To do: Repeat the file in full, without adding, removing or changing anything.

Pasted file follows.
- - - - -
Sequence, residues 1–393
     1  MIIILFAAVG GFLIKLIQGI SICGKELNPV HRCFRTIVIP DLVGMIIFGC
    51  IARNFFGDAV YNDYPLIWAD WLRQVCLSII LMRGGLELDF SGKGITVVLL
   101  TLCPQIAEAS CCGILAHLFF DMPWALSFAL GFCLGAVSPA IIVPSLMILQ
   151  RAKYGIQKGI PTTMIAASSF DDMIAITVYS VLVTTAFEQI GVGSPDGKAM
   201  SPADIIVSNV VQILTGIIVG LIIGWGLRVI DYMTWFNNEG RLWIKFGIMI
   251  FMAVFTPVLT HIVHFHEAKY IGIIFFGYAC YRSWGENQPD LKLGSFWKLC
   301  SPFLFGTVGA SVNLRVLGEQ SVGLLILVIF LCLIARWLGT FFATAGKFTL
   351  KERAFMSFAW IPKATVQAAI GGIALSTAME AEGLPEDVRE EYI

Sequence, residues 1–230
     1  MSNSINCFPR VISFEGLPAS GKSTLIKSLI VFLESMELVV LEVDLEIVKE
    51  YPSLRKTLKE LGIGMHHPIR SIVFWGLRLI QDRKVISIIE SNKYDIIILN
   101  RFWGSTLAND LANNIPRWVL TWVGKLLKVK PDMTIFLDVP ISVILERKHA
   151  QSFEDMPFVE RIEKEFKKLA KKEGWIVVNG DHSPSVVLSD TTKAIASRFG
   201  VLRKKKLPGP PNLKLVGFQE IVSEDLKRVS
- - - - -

Sequence, residues 1–393
     1  MIIILFAAVG GFLIKLIQGI SICGKELNPV HRCFRTIVIP DLVGMIIFGC
    51  IARNFFGDAV YNDYPLIWAD WLRQVCLSII LMRGGLELDF SGKGITVVLL
   101  TLCPQIAEAS CCGILAHLFF DMPWALSFAL GFCLGAVSPA IIVPSLMILQ
   151  RAKYGIQKGI PTTMIAASSF DDMIAITVYS VLVTTAFEQI GVGSPDGKAM
   201  SPADIIVSNV VQILTGIIVG LIIGWGLRVI DYMTWFNNEG RLWIKFGIMI
   251  FMAVFTPVLT HIVHFHEAKY IGIIFFGYAC YRSWGENQPD LKLGSFWKLC
   301  SPFLFGTVGA SVNLRVLGEQ SVGLLILVIF LCLIARWLGT FFATAGKFTL
   351  KERAFMSFAW IPKATVQAAI GGIALSTAME AEGLPEDVRE EYI

Sequence, residues 1–230
     1  MSNSINCFPR VISFEGLPAS GKSTLIKSLI VFLESMELVV LEVDLEIVKE
    51  YPSLRKTLKE LGIGMHHPIR SIVFWGLRLI QDRKVISIIE SNKYDIIILN
   101  RFWGSTLAND LANNIPRWVL TWVGKLLKVK PDMTIFLDVP ISVILERKHA
   151  QSFEDMPFVE RIEKEFKKLA KKEGWIVVNG DHSPSVVLSD TTKAIASRFG
   201  VLRKKKLPGP PNLKLVGFQE IVSEDLKRVS